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The Session #114: A St. Louis pilsner

The SessionWe Changed The World … For This?
[Via All About Beer]
An American Story.
IPAs as National Tradition.
[Both via Beervana]

Whoa! What’s all of this have to do with The Session #114, given that Alistair Reece has asked us to write about pilsners? But what Jeff Alworth has to say about the use of American hops and about how American brewers, and now brewers around the world who are mimicking them, is relevant.

Urban Chestnut Brewing Forest Park PilsnerThere is such a thing as an Americanized pilsner out there that has nothing to do with Miller Lite. Who You Callin’ Wussie from Arrogant Brewing* is an example. It is a well made flavorful beer, brimming with lots of aromas and flavors, some of which you won’t find in an old world pilsner. Basically, it’s kind of loud and it bangs into the furniture. That’s OK, as long as it is adding diversity, not eliminating choice. These are the sorts of things you should be thinking about when you read Lew Bryson’s column in All About Beer.

*Yes, this is the same brewery as Stone, although I find the explanation exhausting.

I’m not sure any beer can get inside your bones like certain music — let’s say just about any song from Son Volt’s Trace — but one like Stammtisch from Urban Chestnut Brewing just up the road from us, or Live Oak Pilz, or Marble Pils, has a better chance than any IPA I can think of. Or a pilsner like Wussie, which ranked seventh in a blind tasting of pilsners conducted by Paste magazine. Stammtisch was first, and Pilz and Pils apparently were not tasted.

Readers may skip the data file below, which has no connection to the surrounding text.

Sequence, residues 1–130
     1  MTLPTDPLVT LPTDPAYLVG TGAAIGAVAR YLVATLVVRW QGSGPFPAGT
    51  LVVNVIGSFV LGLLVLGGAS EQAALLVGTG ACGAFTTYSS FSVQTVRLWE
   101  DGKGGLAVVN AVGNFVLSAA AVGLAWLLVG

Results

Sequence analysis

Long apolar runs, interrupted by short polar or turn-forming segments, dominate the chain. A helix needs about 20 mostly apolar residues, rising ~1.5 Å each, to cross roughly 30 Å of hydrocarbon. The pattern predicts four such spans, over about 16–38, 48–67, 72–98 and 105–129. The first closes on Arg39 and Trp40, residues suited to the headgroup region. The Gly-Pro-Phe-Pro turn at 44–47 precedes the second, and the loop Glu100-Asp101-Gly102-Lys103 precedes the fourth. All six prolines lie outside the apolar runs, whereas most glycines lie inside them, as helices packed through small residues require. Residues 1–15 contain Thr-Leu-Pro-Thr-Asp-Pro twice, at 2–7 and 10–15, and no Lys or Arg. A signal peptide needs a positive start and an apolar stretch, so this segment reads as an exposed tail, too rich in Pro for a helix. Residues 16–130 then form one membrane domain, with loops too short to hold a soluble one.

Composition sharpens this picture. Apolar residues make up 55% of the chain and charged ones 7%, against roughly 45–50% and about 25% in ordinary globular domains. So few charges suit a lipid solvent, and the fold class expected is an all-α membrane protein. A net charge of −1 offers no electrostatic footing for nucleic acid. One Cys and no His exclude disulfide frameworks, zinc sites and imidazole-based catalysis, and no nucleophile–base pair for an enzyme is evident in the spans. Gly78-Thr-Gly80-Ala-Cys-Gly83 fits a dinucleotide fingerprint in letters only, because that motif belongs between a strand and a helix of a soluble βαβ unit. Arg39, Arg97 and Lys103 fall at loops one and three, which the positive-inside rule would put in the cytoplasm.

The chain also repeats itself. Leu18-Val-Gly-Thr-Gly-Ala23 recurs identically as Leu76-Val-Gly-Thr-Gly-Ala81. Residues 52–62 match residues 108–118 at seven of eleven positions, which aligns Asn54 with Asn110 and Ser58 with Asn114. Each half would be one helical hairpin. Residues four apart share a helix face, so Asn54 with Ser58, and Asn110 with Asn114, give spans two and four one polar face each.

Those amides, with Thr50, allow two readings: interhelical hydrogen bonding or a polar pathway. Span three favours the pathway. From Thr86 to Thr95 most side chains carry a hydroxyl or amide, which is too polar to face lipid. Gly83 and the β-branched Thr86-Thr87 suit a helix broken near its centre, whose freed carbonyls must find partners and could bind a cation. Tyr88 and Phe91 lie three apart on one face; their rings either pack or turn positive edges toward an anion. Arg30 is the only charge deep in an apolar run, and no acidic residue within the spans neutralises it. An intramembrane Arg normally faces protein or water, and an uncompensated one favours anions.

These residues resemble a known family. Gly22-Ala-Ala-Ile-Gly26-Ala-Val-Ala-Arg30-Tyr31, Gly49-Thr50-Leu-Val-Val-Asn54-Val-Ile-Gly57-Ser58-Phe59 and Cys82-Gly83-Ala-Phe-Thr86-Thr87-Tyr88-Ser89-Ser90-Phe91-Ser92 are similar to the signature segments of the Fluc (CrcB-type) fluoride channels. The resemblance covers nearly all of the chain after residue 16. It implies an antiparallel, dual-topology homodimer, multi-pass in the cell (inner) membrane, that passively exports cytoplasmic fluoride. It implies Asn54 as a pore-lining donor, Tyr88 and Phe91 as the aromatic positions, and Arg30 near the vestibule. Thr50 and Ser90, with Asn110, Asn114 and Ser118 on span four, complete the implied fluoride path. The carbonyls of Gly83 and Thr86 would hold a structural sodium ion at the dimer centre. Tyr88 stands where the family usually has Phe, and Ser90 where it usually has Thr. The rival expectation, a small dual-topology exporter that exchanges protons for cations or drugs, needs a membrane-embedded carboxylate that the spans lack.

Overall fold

Paste praises Urban Chestnut for brewing “superlative German beer styles.” I understand this, but maybe because I’ve been in St. Louis almost as long as Urban Chestnut (and Daria has been here longer) I figure I’m drinking St. Louis beer, not German beer. Part of the attraction of Stammtisch is that it has become a familiar flavor, just as Trace is familiar. Oh, and that drinking a liter isn’t a challenge. It’s more like humming along when Jay Farrar sings, “Ste. Genevieve can hold back the water, but saints don’t bother with a tear stained eye.”

*****

The beer in the photo is Urban Chestnut’s Forest Park Pilsner, which is brewed with six-row barley malt, corn, and Cluster hops. I wrote about in the August/September issue of Craft Beer & Brewing.

2 Responses to The Session #114: A St. Louis pilsner

  1. iwilleathops August 6, 2016 at 10:59 am #

    I had the Czech Pilsener from Civil Life…it was wonderful.

  2. Bill August 8, 2016 at 9:47 am #

    Stammtisch appears now and then on draft near me, and is wonderful, but since it’s completely divorced from any St. Louis experience for me other than the mention on the menu, I guess I experience it as Paste does. But I place it in the mental space of what drinking fresh beer in Germany must be like. Many of my older relatives and friends who were stationed in Germany reminisce fondly about drinking beer there and wonder why beer doesn’t taste the same here as it did there — I wish they had the opportunity to enjoy a large mug of fresh Stammtisch or Zwickel.

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